With that said, Milwaukee doesn't have to invest this pick in a prospect. Scotto identified the Bucks as a team that might consider flipping its pick for more immediate help.
San Antonio Spurs (Picks 18, 49)
Biggest Draft Question: What's the bigger need—perimeter athleticism or a long-term center?
With 30-somethings Rudy Gay and Danny Green both holding player options for next season and Kyle Anderson entering restricted free agency, it's tempting to say San Antonio must fortify the wings. Even if the Spurs smooth things over with Kawhi Leonard—which seems increasingly likely—that won't solve all of their perimeter issues.
Then again, this frontcourt isn't getting any younger. Pau Gasol turns 38 in July, and LaMarcus Aldridge's 33rd birthday follows less than two weeks later. While both players have the skill set to age gracefully, that doesn't make it any easier for them to chase small-ball bigs around the court.
Luckily, San Antonio should have options to address either area. Smith, DiVincenzo, Brown and Melvin Frazier would all inject explosiveness into the perimeter unit, while Robinson could have the same impact up front.
Minnesota Timberwolves (Picks 20, 48)
Biggest Draft Question: Which prospect can earn Tom Thibodeau's trust the fastest?
And the situation could get even worse this summer.
Their sixth man (Jamal Crawford) and seventh men from the regular season (Nemanja Bjelica) and the playoffs (Derrick Rose) are all headed into free agency. Oh, and there's already at least $110.2 million on the 2018-19 payroll, which will make it tricky to retain those players, let alone add new ones.
That should make the draft a critical source of relief, but it can only serve as such if Thibodeau trusts the incoming youngsters. He's often kept prospects on a short leash—2016 No. 5 pick Kris Dunn averaged 17.1 minutes as a freshman on a 51-loss team—and he won't be getting the cream of the crop with selections in the latter half of each round.
Utah Jazz (Picks 21, 52)
Biggest Draft Question: Should they play it safe or swing for the fences?
The 2017 draft-night heist of Donovan Mitchell altered the Jazz's trajectory. In less than a year, this has gone from a rebuilder needing to find its post-Gordon Hayward direction to a conference semifinalist that played better than anyone over the final two-and-a-half months of the regular season.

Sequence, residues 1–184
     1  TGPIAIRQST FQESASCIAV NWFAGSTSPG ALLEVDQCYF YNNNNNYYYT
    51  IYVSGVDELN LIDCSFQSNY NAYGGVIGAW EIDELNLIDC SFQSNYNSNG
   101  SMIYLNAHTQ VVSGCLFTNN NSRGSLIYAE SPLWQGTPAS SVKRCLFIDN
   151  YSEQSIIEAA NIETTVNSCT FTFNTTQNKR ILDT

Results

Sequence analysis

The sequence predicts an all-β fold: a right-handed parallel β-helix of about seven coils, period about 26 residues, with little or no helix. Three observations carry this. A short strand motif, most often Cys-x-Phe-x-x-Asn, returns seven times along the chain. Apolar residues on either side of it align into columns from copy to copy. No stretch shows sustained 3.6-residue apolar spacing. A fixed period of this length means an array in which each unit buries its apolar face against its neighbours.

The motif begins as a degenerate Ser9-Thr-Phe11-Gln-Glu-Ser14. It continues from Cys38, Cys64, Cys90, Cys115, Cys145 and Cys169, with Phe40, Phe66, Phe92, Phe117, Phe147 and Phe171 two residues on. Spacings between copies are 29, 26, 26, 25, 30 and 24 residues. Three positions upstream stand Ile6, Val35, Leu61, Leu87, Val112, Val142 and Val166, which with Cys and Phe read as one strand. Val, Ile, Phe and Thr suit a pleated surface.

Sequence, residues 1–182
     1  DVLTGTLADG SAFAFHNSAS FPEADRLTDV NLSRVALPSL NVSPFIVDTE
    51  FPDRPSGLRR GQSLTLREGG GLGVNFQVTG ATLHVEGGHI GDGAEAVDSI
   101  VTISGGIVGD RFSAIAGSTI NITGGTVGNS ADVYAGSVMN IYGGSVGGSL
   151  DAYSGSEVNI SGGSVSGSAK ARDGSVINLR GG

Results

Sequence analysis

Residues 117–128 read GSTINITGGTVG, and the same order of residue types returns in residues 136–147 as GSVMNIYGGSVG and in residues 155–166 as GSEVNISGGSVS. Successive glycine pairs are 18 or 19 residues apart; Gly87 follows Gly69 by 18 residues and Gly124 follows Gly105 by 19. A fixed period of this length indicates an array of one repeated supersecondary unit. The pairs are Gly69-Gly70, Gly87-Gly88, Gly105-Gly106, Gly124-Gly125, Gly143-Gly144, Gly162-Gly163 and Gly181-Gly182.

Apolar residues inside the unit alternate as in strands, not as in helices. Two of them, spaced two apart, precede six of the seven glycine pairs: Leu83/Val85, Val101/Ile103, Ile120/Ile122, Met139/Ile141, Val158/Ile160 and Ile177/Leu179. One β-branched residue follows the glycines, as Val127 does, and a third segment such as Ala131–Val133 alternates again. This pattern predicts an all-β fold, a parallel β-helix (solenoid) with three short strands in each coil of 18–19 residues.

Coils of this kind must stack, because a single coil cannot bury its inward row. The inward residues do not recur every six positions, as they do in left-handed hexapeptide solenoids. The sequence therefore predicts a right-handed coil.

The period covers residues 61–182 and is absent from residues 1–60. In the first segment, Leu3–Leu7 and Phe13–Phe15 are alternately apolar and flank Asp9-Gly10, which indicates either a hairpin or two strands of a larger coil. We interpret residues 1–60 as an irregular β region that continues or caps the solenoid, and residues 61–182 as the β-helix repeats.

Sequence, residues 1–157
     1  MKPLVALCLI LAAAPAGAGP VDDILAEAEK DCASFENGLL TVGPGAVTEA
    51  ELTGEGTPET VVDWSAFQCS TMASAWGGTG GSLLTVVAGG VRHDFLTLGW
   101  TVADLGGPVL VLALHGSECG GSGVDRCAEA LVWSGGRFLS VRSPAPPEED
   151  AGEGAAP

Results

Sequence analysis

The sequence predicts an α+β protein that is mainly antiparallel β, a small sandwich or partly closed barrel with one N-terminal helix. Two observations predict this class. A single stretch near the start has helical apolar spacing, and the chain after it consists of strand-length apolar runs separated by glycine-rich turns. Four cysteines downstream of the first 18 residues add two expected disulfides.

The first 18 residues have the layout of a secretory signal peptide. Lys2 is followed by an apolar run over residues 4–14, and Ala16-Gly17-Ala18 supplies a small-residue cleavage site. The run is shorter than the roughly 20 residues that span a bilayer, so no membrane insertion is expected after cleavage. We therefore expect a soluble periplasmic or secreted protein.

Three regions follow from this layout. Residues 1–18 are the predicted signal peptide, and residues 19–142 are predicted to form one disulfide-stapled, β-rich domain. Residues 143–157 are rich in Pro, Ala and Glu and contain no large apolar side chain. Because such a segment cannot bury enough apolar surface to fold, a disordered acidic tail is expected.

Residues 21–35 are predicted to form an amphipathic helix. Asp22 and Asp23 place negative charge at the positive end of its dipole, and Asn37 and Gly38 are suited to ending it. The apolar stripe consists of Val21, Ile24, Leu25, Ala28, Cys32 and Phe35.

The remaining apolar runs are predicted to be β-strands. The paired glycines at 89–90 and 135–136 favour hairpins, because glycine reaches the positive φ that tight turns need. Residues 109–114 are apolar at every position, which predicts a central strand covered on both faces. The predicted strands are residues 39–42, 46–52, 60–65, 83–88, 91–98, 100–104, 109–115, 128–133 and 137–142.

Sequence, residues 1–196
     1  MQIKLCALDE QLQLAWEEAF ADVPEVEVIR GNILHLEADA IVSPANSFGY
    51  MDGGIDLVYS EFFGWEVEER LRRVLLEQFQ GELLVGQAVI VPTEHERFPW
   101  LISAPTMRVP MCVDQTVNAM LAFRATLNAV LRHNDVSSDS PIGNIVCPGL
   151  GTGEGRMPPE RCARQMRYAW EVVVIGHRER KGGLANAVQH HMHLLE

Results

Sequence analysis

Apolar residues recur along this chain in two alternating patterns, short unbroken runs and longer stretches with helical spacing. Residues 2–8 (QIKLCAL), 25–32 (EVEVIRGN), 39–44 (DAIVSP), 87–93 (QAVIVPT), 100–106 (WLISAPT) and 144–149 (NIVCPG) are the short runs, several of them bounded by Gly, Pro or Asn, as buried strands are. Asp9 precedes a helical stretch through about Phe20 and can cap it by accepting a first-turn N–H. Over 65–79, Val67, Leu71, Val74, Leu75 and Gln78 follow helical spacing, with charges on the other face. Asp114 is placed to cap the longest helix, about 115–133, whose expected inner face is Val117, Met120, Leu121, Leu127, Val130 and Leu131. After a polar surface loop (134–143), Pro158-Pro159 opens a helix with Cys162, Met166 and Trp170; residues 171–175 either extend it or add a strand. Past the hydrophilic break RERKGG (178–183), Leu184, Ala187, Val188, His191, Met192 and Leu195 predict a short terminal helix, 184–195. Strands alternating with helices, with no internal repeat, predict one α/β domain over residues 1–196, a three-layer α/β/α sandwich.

With a franchise player making rookie money, Utah is one of the few winning clubs with financial flexibility. So, the question becomes how the organization plans to treat its timeline. Will it take the patient route and see what happens if this core grows organically, or will it look for an impact addition who could speed up the process?
The approach should start to take shape on draft night.
The more patient the Jazz are, the more likely they might be to take a risk. Brown and Anfernee Simons are loaded with upside, but both will require a lot of work. Guys like Keita Bates-Diop, Kevin Huerter and Chandler Hutchison, meanwhile, might sacrifice some potential but could fill a rotation role next season.
Indiana Pacers (Picks 23, 50)
Biggest Draft Question: Is shooting the solitary focus, or should positional needs matter?
The surprisingly potent Pacers were largely punchless from distance. While they made a respectable 36.9 percent of their threes, they were bottom-six in both long-range makes and attempts.
Finding gunners is a must, not only to help bolster the volume, but also to widen attacking lanes for leading scorer Victor Oladipo. There should be some elite snipers available at No. 23 (maybe Huerter, DiVincenzo, Simons and/or Dzanan Musa), but Indy must decide whether its on-hand personnel should shift focus to any specific positions.
The point guard duo of Darren Collison and Cory Joseph is both underwhelming and uncertain for the future, which might make Holiday or Elie Okobo more attractive. Power forward is another question mark with Thaddeus Young possibly eyeing free agency and T.J. Leaf failing to crack the rotation as a rookie. That could put Bates-Diop under consideration at 23 or Omari Spellman in the mix at 50.
Portland Trail Blazers (Pick 24)
Biggest Draft Question: Should it be best wing available or best defensive wing available?
While Portland tied for eighth in defensive efficiency, perimeter point-prevention remains a focus as long as Damian Lillard and CJ McCollum are occupying the same backcourt. And let's not forget, this defense turned back into a pumpkin come playoff time, rating worse than anyone and making Jrue Holiday look like Michael Jordan.
However, this selection might not be as simple as grabbing a stopper and calling it a day. Not when the Blazers have struggled mightily to get their guards scoring help. Portland's next-best scorers this past season were restricted free agent Jusuf Nurkic and 39.5 percent shooter Al-Farouq Aminu.